Everything Love Brings

I was driving around Clive, Iowa on a beautiful, April 2014 morning and enjoying life in my own quiet way. I was in the Des Moines area to cover the Drake Relays. The track and field spectacular was one of my favorite events to attend in my role as a sportswriter for the Cascade Pioneer. While I was there for our high school athletes, it was also amazing to watch the college and professional harriers perform. Even better were the large crowds in attendance who created a festive atmosphere. Nothing else in Iowa athletics mixed all that together for a weekend.

Drake was also my annual vacation. I didn’t receive many chances to visit Iowa’s state capital so I treasured the times when I could. In 2014, we had again had many athletes qualify for Drake. But a combination of what events the kids qualified for and when those competitions would take place led to me having Friday morning to myself.

I’m someone who best gains knowledge by repetition so it took me a couple of years to learn not to take Interstate 235 from Drake to my hotel room in Clive. 235 traffic always seemed to move either 100 miles an hour or at a complete standstill as it often did near the Windsor Heights exit. Driving the company vehicle instead of only having the responsibility that came with my vehicle didn’t lower the stress factor.

So I asked Drake folks if there was an alternative. They suggested I take University Avenue which took me almost directly from the stadium to my hotel. While driving the company van made me worry about all the traffic cameras on the route, the pace of traffic was much more to this rural Iowa boy’s liking.

There was also better scenery. I enjoyed looking at all the businesses and learning more about Des Moines. I especially liked to stop at a strip mall a few blocks away from my lodging. I thought I was a pretty clever shopper when I left Kohl’s on this day. The had polos on sale for an amazing price. I purchased two of them and looked forward to wearing them at Drake.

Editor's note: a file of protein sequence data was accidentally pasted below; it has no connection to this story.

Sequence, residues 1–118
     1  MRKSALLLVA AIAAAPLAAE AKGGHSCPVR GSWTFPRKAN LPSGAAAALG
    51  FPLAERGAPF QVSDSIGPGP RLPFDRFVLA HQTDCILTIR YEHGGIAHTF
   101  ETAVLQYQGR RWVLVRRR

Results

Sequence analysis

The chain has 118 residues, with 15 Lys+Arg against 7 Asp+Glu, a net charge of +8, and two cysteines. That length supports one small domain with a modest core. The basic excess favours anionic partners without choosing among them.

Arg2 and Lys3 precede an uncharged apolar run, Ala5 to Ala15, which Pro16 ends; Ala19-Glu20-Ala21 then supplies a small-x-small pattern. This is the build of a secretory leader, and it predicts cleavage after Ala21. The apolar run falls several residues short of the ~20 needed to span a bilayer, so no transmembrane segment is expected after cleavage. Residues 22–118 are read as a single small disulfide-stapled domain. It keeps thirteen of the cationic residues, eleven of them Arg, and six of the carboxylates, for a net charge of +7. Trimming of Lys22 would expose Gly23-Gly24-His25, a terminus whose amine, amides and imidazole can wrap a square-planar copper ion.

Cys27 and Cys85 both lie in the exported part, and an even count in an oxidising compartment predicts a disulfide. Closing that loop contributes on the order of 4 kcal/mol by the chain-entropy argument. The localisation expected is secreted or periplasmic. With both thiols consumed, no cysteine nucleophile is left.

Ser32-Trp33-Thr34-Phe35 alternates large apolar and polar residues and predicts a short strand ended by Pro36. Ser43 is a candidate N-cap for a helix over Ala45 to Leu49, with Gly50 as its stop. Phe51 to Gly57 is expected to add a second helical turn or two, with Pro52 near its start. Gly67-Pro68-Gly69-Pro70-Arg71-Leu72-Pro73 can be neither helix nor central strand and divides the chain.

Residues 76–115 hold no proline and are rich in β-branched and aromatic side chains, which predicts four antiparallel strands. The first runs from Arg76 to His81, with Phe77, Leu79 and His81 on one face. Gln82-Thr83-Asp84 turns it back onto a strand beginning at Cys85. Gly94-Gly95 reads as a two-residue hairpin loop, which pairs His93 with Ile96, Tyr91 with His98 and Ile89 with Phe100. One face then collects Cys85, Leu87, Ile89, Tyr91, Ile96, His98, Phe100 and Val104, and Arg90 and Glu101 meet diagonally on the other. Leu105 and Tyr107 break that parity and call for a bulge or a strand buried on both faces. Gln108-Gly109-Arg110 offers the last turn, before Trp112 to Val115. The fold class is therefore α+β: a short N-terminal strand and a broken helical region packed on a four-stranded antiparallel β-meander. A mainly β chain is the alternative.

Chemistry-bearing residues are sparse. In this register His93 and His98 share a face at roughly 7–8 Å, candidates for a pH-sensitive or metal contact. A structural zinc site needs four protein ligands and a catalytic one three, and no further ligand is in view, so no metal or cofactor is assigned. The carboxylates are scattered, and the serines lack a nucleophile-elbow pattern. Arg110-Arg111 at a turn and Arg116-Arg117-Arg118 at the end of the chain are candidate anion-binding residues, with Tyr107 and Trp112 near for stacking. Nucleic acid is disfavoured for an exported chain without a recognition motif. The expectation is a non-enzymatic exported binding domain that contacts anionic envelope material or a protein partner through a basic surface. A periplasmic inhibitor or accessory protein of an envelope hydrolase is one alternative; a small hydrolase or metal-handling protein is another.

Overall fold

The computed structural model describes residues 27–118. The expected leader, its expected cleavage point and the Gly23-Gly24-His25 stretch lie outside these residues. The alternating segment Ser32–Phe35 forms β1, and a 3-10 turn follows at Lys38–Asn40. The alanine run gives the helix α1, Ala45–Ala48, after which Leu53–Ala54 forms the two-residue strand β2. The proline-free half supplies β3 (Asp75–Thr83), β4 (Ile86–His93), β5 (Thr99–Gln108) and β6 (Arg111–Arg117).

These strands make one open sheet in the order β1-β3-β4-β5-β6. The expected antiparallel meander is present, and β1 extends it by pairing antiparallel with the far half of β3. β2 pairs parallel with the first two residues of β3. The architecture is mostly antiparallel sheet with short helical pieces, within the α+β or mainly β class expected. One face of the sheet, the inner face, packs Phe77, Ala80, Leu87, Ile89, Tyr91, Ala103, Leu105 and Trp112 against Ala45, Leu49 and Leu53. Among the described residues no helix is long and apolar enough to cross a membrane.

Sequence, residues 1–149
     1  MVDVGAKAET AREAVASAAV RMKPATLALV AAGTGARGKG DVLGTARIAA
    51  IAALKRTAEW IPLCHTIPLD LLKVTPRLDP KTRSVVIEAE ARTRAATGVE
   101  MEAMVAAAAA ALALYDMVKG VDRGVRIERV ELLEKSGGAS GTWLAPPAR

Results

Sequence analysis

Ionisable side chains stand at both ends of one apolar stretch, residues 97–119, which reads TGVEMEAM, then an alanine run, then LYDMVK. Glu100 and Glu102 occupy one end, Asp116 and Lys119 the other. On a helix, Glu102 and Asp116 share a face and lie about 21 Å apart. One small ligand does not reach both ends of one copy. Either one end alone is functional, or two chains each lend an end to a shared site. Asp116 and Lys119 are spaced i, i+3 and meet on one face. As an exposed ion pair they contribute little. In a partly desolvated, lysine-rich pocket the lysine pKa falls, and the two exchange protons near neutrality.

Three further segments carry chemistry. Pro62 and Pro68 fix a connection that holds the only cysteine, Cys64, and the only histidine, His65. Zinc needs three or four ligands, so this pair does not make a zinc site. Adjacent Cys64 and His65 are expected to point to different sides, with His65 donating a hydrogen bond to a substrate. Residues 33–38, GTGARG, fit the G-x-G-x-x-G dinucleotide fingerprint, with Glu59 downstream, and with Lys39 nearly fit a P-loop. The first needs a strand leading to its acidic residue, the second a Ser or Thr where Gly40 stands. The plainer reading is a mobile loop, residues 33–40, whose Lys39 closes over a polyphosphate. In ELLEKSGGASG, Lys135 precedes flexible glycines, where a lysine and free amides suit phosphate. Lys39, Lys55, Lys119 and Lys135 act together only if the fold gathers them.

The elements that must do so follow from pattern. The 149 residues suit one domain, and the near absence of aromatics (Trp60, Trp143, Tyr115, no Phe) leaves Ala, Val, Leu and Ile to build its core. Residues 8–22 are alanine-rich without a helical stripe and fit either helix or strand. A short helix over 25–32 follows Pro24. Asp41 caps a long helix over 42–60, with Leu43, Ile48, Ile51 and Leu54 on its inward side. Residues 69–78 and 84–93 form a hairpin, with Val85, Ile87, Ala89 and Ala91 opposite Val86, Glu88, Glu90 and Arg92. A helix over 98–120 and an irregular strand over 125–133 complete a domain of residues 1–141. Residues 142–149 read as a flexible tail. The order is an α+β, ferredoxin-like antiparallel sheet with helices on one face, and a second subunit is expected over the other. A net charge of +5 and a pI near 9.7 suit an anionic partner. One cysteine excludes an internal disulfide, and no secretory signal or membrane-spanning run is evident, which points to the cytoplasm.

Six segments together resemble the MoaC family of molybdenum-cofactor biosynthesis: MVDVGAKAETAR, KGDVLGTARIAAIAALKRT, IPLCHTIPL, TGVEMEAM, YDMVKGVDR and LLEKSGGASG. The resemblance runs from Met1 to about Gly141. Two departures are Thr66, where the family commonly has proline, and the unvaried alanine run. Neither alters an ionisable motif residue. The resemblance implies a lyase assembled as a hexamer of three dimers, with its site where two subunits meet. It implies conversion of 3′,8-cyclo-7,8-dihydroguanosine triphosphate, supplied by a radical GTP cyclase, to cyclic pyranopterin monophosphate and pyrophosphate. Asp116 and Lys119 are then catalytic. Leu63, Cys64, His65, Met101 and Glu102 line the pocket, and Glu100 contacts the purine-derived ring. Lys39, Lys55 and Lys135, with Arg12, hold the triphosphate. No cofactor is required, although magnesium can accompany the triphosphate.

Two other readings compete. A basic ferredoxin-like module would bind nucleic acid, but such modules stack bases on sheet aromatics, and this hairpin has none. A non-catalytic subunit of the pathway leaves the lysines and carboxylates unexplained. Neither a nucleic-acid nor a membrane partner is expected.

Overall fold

I went back to my Days Inn for a nap. Some revelers had made for long Thursday night. I wouldn’t have minded if they had partied in their rooms, but they decided to do so in the hallway. One gentleman seemed to be looking for his significant other and couldn’t figure out what room she was in as he knocked on successive doors. I was terrified he would knock on mine. Not because she was in my room-because she wasn’t. But I worried about the confrontation if he wouldn’t go away. That’s how paranoid my mind can be.

I slept so hard during my lunchtime nap. When I woke up, at first I didn’t know where I was. But I soon looked forward to going out and doing some more retail sightseeing before heading to Drake for the evening session.

I remember this Drake weekend fondly for the good times I had. But it also is entrenched in my mind because it was one of the last happy times before I lost my best friend.

Mom and I had lived together since my father’s passing in 2001. We resided in the northeast Iowa community of Earlville. The town has a population of about 900 and had been my home area my entire life. I was only 31 when Floyd Carpenter died. One would’ve thought losing my father would have been a life changing event. It was but not to the extent I expected.

Maybe it was because everything happened so quickly. Dad was diagnosed with terminal cancer in middle-September and passed away on November 10. There was never any hope. That’s what Mom made sure I understood. As such, I did my grieving while Dad was still alive.

When the morning of November 10 came, I received the news of Dad’s death and was actually relieved. I would like to say I was happy Dad’s suffering was over, but I was such an egocentric jerk that I was happy the suffering which came from grieving was over.

Afterwards, I just moved on. I still had Darlene Carpenter, I still had plans for my life and I went from there. Over the years, I expected the same thing would happen whenever the time came for Mom.